On this remarkably bullish episode of The Milk Check, the Teds bring in T.C. Jacoby & Co’s fluid milk team to talk about the market from their perspective.
Gus Jacoby, president of fluid dairy ingredients and dairy support, leads the discussion with help from milk marketing manager Greg Scheer and fluid sales manager Jared Miklasz.
Discussion lingered on tightness in the market, which points to a Q4 where we are short on milk domestically and internationally. Ted Jr. suggests the market is underestimating its own upside potential after being spoiled by long milk for about ten years. Gus agrees, and T3 teases the topic of discussion for the podcast’s 50th episode.
T3: Welcome to the Milk Check podcast. Today, we have our fluid group joining us. While my dad and I like to get on this podcast and just debate back and forth what we think markets are doing, picking out certain issues, it’s Gus and Jared and Greg and Anna, who really are in the trenches, working with the dairy farmers in the different processors on the fluid side that we work with.
And we thought it would be a great idea to have them lead the discussion today. And so I’d like to welcome Greg Scheer, who leads our Milk team, Jared Miklasz, who leads our Cream and UF Milk team, and my brother, Gus, who runs our fluid group. And really just give us their analysis of what they’re seeing in the market today. With that Gus, I’ll just turn it over to you.
Gus: All right. Well, thank you, Teddy. We have a very interesting marketplace at this moment in time. A number of months now we’ve seen contraction, but with respect to milk production. But we’ve also seen some other areas, some manufactured liquids that have been pretty dynamic. And I guess, adverse for some of those folks who are looking for solids in one way, shape or form.
And then we have that dynamic of Class IV and Class III, where Class IV is hovering above Class III which presents some challenges as well as opportunities for folks within our industry. But just to start with, I think what we want to mention is that at this moment in time, we’ve all seen the most recent milk production report showing that April was down a percentage point in milk production. We had a year ago, nine and a half million cows in the US dairy herd.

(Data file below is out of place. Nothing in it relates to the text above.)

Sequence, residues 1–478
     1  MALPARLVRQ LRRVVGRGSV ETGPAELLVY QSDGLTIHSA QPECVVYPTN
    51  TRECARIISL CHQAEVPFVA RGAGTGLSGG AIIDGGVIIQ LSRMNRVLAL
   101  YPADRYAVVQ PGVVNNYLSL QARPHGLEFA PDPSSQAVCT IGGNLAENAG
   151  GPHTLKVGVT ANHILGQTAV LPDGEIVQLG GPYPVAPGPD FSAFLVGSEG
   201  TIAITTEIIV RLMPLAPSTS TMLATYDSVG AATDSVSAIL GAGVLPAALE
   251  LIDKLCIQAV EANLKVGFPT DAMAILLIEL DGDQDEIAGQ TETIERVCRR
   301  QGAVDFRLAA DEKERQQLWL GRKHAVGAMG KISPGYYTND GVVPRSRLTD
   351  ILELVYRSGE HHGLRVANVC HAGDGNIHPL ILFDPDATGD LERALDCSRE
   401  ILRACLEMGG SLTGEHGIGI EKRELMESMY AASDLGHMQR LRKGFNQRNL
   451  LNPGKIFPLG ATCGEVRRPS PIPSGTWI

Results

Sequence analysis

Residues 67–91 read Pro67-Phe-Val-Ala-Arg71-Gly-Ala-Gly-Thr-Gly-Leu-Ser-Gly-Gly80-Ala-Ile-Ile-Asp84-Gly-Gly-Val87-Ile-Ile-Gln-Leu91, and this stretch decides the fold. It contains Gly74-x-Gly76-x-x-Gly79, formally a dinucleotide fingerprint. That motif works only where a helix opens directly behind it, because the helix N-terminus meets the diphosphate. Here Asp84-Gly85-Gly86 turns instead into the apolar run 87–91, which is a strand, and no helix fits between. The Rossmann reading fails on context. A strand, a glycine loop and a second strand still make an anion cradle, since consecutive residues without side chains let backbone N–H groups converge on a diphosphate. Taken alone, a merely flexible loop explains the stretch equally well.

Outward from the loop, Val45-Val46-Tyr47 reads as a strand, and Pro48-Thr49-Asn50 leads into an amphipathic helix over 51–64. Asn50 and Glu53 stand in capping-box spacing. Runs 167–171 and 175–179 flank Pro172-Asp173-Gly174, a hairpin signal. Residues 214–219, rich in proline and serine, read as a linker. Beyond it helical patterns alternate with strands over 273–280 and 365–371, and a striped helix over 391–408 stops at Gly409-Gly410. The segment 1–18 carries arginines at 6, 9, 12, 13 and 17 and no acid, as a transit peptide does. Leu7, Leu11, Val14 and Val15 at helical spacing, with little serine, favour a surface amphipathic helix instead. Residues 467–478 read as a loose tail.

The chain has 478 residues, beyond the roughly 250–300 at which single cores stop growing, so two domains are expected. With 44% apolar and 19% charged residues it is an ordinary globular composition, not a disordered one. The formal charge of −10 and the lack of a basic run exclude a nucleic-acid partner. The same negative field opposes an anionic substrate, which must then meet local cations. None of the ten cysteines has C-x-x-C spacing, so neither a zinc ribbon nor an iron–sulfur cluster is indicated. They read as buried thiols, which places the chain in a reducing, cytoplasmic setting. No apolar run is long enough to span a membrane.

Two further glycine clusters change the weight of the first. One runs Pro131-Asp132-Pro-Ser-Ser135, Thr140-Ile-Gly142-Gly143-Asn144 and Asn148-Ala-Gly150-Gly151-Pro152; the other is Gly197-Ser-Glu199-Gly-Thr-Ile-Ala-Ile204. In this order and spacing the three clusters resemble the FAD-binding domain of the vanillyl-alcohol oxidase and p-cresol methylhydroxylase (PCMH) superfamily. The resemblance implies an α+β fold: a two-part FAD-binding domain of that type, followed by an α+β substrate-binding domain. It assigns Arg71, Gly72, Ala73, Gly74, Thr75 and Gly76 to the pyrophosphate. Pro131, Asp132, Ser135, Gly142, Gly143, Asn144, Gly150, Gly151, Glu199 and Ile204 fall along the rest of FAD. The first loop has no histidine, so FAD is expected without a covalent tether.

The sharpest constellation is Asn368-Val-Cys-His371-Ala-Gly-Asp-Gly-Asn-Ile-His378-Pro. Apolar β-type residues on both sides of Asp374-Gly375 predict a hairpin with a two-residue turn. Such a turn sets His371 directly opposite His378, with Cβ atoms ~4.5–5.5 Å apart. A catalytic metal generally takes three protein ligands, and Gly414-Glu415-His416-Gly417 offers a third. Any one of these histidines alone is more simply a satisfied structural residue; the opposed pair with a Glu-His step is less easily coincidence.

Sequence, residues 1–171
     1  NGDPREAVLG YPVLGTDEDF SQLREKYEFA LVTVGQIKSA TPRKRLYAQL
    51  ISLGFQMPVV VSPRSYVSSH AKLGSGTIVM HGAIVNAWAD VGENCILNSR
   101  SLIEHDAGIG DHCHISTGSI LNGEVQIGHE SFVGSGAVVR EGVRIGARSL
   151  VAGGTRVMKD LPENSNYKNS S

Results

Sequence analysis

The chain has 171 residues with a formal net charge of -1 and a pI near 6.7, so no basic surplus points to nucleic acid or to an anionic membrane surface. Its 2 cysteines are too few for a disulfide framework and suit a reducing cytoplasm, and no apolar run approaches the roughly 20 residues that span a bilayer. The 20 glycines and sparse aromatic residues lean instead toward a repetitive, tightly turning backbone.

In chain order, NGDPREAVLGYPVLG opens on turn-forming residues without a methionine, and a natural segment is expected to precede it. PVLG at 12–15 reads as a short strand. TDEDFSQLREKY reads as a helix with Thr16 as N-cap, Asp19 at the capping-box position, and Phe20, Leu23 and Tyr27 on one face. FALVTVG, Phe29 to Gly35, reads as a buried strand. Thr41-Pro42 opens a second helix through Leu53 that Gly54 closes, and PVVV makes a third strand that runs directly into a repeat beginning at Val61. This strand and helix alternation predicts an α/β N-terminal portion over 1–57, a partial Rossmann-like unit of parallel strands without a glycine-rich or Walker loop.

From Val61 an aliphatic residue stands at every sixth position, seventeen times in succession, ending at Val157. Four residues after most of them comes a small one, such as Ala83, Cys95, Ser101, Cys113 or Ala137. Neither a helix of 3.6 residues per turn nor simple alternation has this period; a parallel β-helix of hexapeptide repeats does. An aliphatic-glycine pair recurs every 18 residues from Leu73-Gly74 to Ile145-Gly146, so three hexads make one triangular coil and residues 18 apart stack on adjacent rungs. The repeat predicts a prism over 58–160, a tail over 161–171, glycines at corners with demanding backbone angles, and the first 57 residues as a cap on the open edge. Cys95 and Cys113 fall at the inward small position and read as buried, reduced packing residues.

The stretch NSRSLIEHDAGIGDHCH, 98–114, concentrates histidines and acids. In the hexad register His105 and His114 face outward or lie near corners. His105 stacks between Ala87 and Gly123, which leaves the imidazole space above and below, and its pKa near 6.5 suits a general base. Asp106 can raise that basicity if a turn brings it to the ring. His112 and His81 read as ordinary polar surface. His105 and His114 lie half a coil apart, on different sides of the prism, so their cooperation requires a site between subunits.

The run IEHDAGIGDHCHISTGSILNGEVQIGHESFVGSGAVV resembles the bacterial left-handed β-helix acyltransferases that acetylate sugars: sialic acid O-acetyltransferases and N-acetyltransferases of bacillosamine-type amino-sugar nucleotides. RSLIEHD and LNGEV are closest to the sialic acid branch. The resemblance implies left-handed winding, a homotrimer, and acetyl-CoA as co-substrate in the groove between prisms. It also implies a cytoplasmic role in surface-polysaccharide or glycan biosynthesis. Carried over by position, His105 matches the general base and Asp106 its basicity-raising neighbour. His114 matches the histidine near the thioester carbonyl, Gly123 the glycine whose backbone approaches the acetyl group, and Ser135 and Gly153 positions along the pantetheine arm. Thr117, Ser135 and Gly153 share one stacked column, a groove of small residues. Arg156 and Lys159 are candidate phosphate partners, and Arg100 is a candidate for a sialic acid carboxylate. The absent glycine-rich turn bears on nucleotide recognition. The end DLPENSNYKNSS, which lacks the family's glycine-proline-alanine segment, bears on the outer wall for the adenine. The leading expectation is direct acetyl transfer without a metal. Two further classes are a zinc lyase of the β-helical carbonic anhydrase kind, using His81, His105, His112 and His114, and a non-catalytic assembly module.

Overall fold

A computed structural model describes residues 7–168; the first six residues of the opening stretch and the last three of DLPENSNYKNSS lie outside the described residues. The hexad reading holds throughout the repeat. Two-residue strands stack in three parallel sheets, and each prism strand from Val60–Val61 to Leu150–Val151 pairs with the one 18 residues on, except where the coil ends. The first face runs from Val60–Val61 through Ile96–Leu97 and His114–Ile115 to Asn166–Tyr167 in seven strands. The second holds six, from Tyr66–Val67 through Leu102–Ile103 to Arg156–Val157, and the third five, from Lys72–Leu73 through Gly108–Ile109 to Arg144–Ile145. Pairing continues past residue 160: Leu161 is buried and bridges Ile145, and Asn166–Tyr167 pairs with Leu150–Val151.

And now we have 100,000 less cows in the US dairy herd. So that puts things in perspective for what we’re dealing with and what we’re looking at as we get out of this spring flush so to speak and into the second half of the year when folks, I think are a little bit more concerned about finding the solids they need to fill orders.
To begin with, I think the Eastern half of the country is tight milk. And in addition to tight milk, we also have a major cheese plant that has come online in Michigan that has soaked up a bunch of butter fat, and that presents a prospect for cream supplies as well.
And then you have the freight impact of traveling product throughout our country, whether it be farm milk and the impact on the producer there, whether it be manufactured liquids and the impact on folks trying to get solids from one part of the world to the other. I think there’s a lot of good information we can get from our leadership team here. And I think the best place to start is with Greg in milk, and then we’ll move into some other areas. Greg.
Greg Scheer: Thanks, Gus. Yeah. And like you said, milk production down 1%. If you would’ve told us that milk prices would be where they’re at today and we’d have declining milk, you’d say you’re crazy. But you have the high cost of feed, the high cost of inputs, limited heifer supply, all those factors. And in some regions, a quota system that has really limited our milk production.
Most years, we would see a long market. When we’re getting into May and Memorial weekend, right around the corner into June, it’s less long than we normally see at this time. You just have tightening milk market where milk is not necessarily tight right now. We do anticipate that’ll happen when we get into later in the summer and this fall. Feed prices look to remain high.
Heifer prices aren’t going to rebound anytime soon. And the cost to build any new facilities has really gone up with all the inputs, whether that be steel, lumber, concrete. So it’s really a strange year. I’ve been at Jacoby for 10 years, and this has been the least long that it’s been since I’ve been here. We still have milk moving some distances where there’s some deficit areas. And typically, you’re begging for homes this time of year. And we don’t see that a lot so far this year.